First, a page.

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Article Summary - Traffic Pollution: a Factor in Street Vendors' Declining Health

  • Date Submitted: 11/02/2012 10:44 PM
  • Flesch-Kincaid Score: 34.9 
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Traffic Pollution:
A Factor In Street Vendors’ Declining Health

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Traffic Pollution: A Factor In Street Vendors’ Declining Health

With everything we see and hear about the alarming growth in human emission of air pollutants, it is accurate to say that these pollutants floating in the air we breathe will affect our health in one way or another. Air pollution is much more potent in urbanized regions, with greater population density comes more vehicles, filling the lungs of unsuspecting inhabitants with their harmful emissions. For people who rarely visit these urbanized regions, this is not yet a pressing issue, but what about the people who walk these streets on a daily basis? This question piqued the interest of four health researchers from Thailand who subsequently decided to observe the effects on ideal candidates: street vendors.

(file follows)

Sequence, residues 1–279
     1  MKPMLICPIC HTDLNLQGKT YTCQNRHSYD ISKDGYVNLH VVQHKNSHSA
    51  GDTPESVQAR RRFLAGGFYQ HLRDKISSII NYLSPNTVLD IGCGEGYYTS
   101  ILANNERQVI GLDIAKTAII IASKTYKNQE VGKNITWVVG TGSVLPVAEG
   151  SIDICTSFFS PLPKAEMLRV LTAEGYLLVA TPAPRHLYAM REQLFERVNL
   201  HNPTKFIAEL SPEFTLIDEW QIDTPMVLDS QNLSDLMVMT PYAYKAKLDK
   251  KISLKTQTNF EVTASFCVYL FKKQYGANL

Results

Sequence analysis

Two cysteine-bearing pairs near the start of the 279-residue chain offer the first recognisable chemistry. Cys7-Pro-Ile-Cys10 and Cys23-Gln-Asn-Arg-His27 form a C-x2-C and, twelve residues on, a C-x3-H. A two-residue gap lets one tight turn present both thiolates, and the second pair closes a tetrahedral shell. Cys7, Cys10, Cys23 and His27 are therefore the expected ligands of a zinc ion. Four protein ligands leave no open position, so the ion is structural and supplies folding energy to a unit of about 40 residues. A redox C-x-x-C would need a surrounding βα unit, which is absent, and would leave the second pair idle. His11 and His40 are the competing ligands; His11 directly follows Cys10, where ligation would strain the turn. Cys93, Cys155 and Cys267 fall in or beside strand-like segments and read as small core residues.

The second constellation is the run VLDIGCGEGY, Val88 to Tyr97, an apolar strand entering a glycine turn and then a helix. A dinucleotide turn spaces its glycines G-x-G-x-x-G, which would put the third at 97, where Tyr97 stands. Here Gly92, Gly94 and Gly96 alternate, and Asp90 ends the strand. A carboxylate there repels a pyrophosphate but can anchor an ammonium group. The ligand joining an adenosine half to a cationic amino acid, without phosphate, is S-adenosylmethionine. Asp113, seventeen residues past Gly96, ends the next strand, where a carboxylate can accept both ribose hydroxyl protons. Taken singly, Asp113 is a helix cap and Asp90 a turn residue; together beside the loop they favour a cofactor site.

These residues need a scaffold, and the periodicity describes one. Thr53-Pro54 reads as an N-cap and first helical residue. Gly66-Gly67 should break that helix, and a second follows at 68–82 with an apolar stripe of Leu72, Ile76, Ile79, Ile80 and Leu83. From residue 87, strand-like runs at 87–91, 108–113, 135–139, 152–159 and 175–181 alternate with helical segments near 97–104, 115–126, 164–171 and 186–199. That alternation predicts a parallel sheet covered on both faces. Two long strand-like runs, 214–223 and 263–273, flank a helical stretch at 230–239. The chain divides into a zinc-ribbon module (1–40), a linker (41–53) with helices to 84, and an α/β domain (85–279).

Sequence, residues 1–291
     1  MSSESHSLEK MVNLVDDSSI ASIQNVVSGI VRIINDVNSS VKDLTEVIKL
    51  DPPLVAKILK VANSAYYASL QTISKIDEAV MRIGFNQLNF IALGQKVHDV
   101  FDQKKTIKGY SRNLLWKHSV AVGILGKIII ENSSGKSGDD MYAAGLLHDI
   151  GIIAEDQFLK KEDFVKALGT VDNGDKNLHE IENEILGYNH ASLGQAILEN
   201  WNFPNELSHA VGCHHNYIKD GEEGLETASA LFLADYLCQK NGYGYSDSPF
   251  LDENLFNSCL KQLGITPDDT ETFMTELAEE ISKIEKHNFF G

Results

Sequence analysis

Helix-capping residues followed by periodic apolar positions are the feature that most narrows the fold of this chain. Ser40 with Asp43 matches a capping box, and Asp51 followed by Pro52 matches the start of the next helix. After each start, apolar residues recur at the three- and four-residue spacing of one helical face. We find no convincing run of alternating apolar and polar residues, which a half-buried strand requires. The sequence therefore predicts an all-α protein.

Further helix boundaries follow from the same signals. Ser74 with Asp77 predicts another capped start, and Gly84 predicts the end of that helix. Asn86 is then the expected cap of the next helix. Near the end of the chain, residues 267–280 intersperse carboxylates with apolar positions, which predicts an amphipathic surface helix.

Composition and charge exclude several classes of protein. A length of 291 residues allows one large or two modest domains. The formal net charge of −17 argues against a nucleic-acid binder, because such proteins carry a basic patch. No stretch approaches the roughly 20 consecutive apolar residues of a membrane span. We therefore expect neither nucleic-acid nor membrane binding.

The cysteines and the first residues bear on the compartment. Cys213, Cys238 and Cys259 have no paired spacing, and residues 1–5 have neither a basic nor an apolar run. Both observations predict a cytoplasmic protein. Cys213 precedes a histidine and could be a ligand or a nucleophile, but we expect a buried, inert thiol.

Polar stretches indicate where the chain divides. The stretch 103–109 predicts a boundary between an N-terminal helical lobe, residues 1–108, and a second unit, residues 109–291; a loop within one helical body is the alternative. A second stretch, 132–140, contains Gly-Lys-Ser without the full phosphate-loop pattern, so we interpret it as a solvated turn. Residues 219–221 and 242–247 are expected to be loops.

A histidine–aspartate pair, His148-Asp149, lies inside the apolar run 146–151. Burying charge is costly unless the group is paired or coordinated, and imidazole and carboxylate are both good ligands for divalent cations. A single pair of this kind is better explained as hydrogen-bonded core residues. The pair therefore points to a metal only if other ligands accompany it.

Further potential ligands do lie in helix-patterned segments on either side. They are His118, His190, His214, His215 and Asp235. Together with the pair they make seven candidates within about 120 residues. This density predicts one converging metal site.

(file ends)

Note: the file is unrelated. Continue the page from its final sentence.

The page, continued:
Seventy-seven street vendors working on a specific congested street in Bangkok – a vastly overpopulated city – were recruited as part of this experiment. The chosen vendors fit within previously set age and health parameters to ensure unbiased results. The experimentation process for each individual vendor involved the periodic completion of a health symptom diary over a period of two months. Each vendor recorded his or her symptoms from the previous day in this diary. Symptoms were categorized into three groups: Upper respiratory, lower respiratory and other symptoms. The percent of daily reported symptoms were then calculated and analyzed.
The results of this study of local street vendors proved that air pollution due to traffic affects human health. The analysis of data from the experiment went on to
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Traffic Pollution: A Factor In Street Vendors’ Declining Health
prove that the street vendors were more likely to suffer from eye irritation, dizziness, phlegm, chest tightness, upper respiratory symptoms, sore throats, colds, and coughing. These observations strongly demonstrate the need for environmental innovation...

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